“We have become a gas chamber”: Life in smog covered Delhi

Delhi has closed schools indefinitely and asked civil servants to work from home.

New Delhi:

Prying eyes, persistent cough and chronic lung disease have wreaked havoc on auto rickshaw driver Bhajan Lal as he roamed the chaotic streets and toxic air of New Delhi.

For the past three decades, Mr Lal has driven commuters through the rough roads to temples, markets and offices in New Delhi that worked every day during the winter months, when a plume of toxic haze settled over the sprawling megacity .

“Pollution causes a lot of problems for my throat,” the 58-year-old told AFP news agency, after spending a morning in the driver’s seat of a motorized tricycle.

“My eyes sting… my lungs are affected, which causes breathing problems. Mucus builds up and collects in my chest,” he said.

Delhi has been consistently rated the world’s worst capital for air quality and on its most polluted days the smog can reduce visibility on roads by barely 50 metres.

Levels of PM2.5 pollutants – the most harmful microparticles to human health that can enter the bloodstream through the lungs – reached more than 30 times the maximum daily limit recommended by the World Health Organization last week.


“I feel very sorry to see the children and their health,” said Mr. Lal. “They’re getting sick already.”

Mr. Lal’s business takes a hit and he sometimes roams the streets all day without finding passengers, who prefer to pay extra to sit inside a cab during his commute.

Without the luxury of escaping from suffocating air, the health effects are dire.

AFP accompanied Mr Lal for a doctor’s check-up, where he was diagnosed with chronic obstructive pulmonary disease, a progressive condition that gradually limits airflow in the body.

“If he doesn’t take regular medication now, he will go into a condition where the airways will narrow and narrow, and get progressively worse,” said Lal’s doctor, Vivek Nangia.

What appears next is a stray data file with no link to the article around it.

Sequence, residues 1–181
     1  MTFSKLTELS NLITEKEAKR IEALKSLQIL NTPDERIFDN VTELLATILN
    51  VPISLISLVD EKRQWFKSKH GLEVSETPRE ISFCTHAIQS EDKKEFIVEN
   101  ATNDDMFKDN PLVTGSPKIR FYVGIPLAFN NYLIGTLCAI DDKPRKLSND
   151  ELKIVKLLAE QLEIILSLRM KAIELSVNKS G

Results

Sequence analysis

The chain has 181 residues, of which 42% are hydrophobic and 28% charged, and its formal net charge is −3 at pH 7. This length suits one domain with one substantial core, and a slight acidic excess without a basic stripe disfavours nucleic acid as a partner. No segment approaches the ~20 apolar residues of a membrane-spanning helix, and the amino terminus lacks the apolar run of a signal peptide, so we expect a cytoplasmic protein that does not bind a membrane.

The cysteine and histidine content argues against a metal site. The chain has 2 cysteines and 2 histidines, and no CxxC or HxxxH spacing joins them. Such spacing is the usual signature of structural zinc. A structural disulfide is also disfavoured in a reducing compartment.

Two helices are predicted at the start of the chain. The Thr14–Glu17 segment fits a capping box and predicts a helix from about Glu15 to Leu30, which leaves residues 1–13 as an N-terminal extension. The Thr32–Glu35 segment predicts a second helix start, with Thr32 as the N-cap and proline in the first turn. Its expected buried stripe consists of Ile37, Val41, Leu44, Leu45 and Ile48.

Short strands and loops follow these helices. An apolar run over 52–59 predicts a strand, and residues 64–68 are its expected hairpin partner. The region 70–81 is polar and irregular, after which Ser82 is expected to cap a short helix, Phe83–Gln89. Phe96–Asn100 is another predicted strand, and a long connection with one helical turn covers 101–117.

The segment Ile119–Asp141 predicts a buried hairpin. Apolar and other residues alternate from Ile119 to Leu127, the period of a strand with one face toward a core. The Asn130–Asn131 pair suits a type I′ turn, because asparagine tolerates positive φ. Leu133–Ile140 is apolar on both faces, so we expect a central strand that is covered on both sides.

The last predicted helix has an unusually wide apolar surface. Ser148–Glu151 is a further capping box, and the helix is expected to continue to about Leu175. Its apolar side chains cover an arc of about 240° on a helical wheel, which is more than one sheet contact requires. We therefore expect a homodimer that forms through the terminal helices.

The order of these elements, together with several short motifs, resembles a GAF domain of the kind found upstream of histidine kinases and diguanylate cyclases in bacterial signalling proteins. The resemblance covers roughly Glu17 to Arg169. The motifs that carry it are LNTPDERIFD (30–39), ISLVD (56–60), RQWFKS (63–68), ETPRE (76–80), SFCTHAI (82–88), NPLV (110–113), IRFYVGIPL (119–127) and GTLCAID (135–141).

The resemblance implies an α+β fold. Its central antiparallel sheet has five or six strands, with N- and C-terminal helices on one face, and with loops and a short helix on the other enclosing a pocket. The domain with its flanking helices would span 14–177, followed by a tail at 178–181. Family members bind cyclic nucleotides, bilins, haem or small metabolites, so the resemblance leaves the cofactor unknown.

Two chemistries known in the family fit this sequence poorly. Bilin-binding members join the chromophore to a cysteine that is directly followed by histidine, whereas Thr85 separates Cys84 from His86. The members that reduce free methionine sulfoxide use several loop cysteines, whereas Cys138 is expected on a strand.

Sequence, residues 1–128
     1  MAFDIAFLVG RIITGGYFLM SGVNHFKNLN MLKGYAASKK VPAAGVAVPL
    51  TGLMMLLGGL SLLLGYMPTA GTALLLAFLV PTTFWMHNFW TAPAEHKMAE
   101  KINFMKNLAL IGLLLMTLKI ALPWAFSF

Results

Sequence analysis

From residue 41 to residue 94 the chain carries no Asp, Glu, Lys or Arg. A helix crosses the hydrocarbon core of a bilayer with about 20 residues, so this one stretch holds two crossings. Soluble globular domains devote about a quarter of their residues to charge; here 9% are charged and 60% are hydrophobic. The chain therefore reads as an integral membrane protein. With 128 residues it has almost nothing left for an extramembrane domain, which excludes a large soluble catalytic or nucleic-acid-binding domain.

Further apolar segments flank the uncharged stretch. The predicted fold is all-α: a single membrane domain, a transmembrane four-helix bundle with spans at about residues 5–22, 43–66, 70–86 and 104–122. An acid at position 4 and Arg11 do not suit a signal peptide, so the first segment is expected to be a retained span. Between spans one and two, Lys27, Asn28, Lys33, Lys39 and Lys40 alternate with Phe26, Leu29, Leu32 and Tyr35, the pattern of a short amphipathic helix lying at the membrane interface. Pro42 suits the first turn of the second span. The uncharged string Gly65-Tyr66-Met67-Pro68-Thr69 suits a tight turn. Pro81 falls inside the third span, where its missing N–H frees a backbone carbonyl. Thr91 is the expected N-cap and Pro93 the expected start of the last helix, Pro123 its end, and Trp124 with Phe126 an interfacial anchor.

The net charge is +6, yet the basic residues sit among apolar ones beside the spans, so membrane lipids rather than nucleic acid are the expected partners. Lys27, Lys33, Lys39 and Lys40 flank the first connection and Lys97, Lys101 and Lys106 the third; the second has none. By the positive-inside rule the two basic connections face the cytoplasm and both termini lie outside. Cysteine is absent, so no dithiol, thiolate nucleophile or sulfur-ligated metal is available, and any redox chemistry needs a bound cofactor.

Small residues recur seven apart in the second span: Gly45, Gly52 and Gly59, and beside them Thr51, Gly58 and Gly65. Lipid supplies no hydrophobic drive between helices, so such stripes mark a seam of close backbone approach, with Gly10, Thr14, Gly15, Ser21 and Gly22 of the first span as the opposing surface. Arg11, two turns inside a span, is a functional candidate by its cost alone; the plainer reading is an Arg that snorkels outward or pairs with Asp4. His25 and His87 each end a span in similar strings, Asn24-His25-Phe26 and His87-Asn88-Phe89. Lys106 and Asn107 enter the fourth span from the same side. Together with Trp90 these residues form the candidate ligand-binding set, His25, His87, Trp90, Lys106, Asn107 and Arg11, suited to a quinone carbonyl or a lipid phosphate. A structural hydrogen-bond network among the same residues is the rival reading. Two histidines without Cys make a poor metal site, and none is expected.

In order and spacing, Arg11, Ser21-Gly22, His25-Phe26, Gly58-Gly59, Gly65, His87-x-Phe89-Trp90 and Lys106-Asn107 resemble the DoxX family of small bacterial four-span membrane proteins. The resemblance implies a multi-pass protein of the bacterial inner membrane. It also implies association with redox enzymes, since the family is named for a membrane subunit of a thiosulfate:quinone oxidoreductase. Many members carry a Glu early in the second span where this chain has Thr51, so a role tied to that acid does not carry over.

Factory emissions, vehicle exhaust and crop-clearing fires from farms in neighboring states combine to cast a city of 20 million people in an otherworldly coat of yellow-brown haze at the end of each year.

Piecemeal efforts to reduce smog, such as a public campaign encouraging drivers to turn off their engines at traffic lights, have failed to make an impact.

‘A Gas Chamber’

“I don’t know where will the solution to this pollution that is killing us come from,” Delhi resident Vijay Satokar told AFP. “We have become a gas chamber.”

Authorities this week took the drastic step of ordering the closure of six of the 11 coal power plants around Delhi until further notice.

City officials also closed schools indefinitely, barred trucks carrying essential goods from entering the city until next week, and asked civil servants to work from home.

But he held off on heeding a Supreme Court call to announce the city’s first “pollution lockdown,” which would have confined the population to their homes.


Smog is responsible for more than one million deaths annually in India, and a recent University of Chicago study found that air pollution could shorten life expectancy by more than nine years for four out of every 10 Indians. Chances are.

Officials have struggled to address the root cause, with national coal consumption nearly doubling in the past decade.

India battled for more ambitious curbs on dirty energy at this month’s COP26 climate summit, a move driven by a need for cheap fuel to power its growing economy.

Rural farm workers, meanwhile, constitute a powerful voting bloc and year-end farm fires – the cheapest way to clear fields before the next growing season – continue unabated despite a ban two years ago.

Winters in the capital, once appreciated for its mild weather after long and scorching summer months, have become an annual endurance test for its residents.

Dinesh Doval, a local resident, said, “I find it very difficult to breathe while living in Delhi.”

“Sometimes I feel like I should leave town. But then where should I go?”


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